10 of the best rock bands from Canada
With glowing hearts we see thee rise, the True North strong and free! With a national anthem featuring such lyrics, it's no surprise Canada has produced it's share of great rock bands
While it's easy to dismiss Canadian rock as no more than extension of what goes on over the border in the States, the country has come up with some of the greatest artists of the past five decades. The likes of Neil Young and Bryan Adams are global legends, but there's also been an avalanche of influential and successful bands from that country. The list is vast, but here are the 10 who perhaps best define Maple Leaf Mayhem!
Renowned these days for the mainstream success of the movie Anvil! The Story Of Anvil, the Toronto band were embraced during the NWIBHM era, and went on to become one of the major influences on the burgeoning thrash movement. Albums like Metal On Metal and Forged In Fire were very much a blueprint for what Metallica et al went on to achieve.
The Montreal band made their reputation in the 70s, principally because of Frank Marino's extraordinary guitar skills. Often compared to Hendrix, Marino developed his own fluid style, which helped to make albums like Mahogany Rush IV and World Anthem among the best releases of the era. The band's progressive blues approach remains compulsive.
A trio from Toronto who never really captured the imagination in the UK, Triumph often suffered from unfair comparisons to Rush, but they had their own sound. This combined technique, power and melody. The all-embracing brilliance of albums like Allied Forces and Progressions Of Power gained them enormous success in America, helped by a massive stage set.
The Toronto band who could be said to have created progressive metal as we know it, Rush have never stood still. From their sword & sorcery roots through to a more electronic approach, the band have constantly evolved, successfully taking up the challenge of remaining on the cutting edge of rock. True visionaries.
If the US could be said to have close to a monopoly on AOR, then Calgary's Loverboy were right up there with the best of them. In their early 80s prime they came up with a string of hit singles that still resonate down the decades. Through albums like Get Lucky and Keep It Up, Loverboy showed they had a real depth to their commercial acumen.
Nova Scotia band April Wine made their own mark on history when appearing on the bill at the first Monsters Of Rock festival in 1980, but that's not where their impact ends. Here was a band who mixed sophistication and passion in equal measure. Harder...Faster and The Nature Of The Beast are still albums worth several spins.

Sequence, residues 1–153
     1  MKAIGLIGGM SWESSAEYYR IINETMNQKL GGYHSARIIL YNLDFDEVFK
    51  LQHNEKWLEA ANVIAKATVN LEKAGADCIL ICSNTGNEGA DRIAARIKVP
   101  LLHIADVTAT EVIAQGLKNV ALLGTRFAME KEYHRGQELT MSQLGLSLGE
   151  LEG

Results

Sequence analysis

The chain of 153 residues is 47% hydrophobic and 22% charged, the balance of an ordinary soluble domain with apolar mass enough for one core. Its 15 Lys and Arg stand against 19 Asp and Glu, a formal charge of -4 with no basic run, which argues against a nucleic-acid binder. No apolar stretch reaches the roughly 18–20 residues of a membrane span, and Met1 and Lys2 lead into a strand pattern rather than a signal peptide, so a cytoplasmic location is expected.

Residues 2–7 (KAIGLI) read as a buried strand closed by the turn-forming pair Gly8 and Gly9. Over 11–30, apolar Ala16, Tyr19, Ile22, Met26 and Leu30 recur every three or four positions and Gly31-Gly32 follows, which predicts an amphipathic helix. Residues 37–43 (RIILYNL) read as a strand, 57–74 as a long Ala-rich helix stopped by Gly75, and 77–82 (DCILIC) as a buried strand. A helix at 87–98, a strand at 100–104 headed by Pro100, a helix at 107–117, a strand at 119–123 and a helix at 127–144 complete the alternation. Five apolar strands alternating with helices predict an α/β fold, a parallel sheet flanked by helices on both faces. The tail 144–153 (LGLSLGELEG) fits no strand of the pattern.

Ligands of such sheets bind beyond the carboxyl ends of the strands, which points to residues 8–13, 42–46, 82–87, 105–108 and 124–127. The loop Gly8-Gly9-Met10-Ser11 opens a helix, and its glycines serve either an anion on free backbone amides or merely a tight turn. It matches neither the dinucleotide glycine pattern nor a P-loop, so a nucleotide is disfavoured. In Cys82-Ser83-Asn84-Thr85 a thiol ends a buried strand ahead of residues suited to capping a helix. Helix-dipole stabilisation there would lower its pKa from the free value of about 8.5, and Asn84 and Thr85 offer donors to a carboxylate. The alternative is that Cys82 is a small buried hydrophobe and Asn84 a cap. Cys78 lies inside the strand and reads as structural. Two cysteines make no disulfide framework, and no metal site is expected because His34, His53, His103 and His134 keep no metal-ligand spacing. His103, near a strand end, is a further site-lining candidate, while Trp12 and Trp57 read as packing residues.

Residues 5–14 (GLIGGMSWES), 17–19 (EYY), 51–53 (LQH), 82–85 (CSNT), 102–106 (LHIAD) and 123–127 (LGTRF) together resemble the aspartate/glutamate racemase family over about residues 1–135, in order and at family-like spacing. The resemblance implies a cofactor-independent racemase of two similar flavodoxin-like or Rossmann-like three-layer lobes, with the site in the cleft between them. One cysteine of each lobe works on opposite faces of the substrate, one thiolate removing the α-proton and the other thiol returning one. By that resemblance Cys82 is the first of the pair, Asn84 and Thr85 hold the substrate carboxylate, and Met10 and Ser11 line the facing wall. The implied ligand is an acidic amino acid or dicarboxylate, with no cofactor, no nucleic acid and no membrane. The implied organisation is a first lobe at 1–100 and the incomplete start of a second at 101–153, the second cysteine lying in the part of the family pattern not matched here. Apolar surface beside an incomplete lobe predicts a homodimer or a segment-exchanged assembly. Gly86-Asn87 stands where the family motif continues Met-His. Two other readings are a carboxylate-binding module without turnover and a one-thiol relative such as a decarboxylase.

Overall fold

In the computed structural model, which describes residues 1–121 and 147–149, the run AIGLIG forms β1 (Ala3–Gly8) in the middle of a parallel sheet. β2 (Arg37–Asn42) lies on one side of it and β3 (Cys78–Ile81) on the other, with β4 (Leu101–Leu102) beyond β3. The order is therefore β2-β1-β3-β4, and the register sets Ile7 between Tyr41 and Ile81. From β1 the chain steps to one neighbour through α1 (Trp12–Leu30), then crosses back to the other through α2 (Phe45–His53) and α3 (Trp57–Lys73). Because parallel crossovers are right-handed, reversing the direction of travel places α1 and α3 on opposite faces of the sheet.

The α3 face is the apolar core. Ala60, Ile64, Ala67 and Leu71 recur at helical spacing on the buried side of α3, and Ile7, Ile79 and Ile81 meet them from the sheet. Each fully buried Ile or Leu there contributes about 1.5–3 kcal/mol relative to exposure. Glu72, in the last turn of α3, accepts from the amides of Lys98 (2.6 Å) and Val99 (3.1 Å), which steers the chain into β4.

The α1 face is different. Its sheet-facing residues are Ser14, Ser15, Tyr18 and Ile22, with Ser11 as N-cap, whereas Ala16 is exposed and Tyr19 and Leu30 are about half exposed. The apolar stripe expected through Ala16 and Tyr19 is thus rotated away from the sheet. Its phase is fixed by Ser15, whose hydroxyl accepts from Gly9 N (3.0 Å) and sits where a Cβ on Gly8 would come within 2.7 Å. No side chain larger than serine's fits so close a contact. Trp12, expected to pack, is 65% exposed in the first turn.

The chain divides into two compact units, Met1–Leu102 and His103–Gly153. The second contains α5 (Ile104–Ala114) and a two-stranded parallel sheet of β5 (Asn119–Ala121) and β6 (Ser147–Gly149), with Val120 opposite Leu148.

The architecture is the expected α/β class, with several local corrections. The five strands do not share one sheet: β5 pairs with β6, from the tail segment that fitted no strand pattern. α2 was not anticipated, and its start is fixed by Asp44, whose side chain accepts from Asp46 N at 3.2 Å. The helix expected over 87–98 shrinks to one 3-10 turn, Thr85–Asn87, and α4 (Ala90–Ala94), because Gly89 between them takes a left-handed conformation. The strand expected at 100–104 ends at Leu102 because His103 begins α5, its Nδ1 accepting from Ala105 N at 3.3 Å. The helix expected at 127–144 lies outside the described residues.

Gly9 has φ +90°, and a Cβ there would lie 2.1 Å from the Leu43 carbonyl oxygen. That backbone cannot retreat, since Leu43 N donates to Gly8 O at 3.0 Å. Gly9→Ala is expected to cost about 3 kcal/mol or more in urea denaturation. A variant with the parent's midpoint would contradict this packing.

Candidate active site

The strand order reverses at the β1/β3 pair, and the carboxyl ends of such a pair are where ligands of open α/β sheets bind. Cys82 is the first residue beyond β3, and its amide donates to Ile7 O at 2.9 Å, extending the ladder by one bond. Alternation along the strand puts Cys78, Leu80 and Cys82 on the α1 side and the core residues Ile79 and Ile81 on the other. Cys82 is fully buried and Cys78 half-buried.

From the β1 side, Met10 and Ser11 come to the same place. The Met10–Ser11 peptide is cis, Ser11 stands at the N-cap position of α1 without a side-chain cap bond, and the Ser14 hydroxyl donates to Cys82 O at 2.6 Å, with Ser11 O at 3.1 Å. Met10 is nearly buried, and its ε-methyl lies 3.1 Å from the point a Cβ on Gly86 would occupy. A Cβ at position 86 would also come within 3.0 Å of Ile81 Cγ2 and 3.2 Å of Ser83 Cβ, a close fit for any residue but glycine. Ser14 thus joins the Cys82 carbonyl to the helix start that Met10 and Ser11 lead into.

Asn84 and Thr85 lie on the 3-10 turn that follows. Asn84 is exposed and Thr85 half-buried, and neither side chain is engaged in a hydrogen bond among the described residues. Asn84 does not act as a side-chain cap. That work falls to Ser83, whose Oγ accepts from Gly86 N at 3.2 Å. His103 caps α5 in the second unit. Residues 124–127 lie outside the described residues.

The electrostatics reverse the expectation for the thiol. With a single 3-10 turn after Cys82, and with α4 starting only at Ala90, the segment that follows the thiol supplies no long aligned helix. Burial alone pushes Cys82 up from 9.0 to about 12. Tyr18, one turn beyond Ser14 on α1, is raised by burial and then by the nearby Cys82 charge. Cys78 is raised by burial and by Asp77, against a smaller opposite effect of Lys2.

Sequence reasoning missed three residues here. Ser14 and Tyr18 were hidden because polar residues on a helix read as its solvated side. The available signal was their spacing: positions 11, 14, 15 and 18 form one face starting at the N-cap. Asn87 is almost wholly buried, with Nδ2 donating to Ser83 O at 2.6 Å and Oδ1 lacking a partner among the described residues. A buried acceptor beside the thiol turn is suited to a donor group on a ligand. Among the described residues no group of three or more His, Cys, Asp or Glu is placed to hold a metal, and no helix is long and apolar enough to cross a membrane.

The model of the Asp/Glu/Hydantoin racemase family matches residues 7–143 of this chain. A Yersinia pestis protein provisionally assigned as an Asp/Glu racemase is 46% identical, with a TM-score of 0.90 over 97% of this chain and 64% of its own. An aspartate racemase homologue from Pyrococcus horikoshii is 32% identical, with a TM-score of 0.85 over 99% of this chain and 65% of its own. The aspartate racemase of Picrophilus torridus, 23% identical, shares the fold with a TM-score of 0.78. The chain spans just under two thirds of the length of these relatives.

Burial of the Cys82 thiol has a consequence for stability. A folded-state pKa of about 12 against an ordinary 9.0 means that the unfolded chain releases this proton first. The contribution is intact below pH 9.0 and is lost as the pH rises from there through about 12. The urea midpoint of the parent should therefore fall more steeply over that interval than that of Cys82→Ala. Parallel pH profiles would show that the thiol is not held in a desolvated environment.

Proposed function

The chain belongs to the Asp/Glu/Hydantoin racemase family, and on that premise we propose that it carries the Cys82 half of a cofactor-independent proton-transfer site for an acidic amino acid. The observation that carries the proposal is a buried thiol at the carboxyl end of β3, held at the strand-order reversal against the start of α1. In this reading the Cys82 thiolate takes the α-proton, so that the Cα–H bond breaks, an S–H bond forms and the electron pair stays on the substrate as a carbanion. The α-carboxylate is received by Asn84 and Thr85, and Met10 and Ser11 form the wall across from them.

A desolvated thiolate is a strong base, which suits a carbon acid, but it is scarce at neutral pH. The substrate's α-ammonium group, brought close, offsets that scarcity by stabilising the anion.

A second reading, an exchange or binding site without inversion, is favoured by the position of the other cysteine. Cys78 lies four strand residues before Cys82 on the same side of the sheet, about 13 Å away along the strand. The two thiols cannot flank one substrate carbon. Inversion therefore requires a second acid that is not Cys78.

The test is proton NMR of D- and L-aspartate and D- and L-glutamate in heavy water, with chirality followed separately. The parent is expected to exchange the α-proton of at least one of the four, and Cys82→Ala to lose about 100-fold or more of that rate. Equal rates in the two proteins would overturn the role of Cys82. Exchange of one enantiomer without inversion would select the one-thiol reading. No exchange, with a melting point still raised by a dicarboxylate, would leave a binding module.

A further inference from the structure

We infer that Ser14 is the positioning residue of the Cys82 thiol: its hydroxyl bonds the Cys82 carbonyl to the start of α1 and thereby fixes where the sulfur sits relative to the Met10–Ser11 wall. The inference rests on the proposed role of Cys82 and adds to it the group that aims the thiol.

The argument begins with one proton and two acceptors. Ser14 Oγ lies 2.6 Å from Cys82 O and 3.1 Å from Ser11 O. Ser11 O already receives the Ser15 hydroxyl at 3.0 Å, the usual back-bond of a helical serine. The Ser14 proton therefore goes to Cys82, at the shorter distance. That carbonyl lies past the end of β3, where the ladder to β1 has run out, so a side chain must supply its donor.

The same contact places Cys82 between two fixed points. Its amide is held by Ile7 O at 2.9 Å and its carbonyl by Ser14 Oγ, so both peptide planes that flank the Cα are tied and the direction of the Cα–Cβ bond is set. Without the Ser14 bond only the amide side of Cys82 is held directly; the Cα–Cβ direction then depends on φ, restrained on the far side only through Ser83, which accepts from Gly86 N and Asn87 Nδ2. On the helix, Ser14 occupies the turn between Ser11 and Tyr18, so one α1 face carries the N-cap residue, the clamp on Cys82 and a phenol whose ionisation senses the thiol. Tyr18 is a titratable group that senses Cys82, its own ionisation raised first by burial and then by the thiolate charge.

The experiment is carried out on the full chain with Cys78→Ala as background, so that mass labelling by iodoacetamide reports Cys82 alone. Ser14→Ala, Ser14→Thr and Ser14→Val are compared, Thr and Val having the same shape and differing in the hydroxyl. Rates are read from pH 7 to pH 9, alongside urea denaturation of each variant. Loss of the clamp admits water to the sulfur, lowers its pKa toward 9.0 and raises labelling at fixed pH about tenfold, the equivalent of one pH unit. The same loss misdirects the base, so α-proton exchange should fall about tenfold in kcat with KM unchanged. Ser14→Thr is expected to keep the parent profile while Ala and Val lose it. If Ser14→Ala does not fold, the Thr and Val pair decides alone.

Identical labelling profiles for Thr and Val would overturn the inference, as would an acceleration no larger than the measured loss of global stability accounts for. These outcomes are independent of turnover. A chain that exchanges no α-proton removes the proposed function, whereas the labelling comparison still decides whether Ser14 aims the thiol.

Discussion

Born from the remnants of The Guess Who, another fine bunch of Canadians, BTO were among the masters of anthemic rock. From Winnipeg, they came up with a rollercoaster of timeless fist-in-the-air songs, from You Ain't Seen Nothing Yet to Takin' Care Of Business. Randy Bachman and Fred Turner, though, were far from being superficial chart commandos. Albums like Not Fragile and Four Wheel Drive are stuffed with diversity and attitude.
Yes, there was an American element to this lot, but Steppenwolf were formed in Toronto, and have always been regarded as pioneers of Canadian rock. Of course, whenever the band's name gets mentioned, Born To Be Wild comes right to the fore. But when you enter the lair of albums such as Steppenwolf and The Second you realise this 'Wolf bit hard and often. They really did have a firm hand in laying the template for hard rock.
Nobody sounds like Quebec quartet Voivod. They have a freeform surrealism that embraces thrash, death, prog and psych, but they've always managed to retain a skeletal yet intricate technological style that defies any formula. When you compare what the band did early in their career on, for instance, the Killing Technology album to later releases like The Outer Limits, you can appreciate why they have such iconic status.
Strapping Young Lad
One of the Devin Townsend's first bands, Strapping Young Lad mastered the ability to sound extreme, concussive yet accessible. The band were like a cross between Queen and Ministry. They were utterly brutal, but also possessed a symphonic core. During their decade or so on the scene, SYL came up with albums like Heavy As A Really Heavy Thing and Cities which were manically peerless.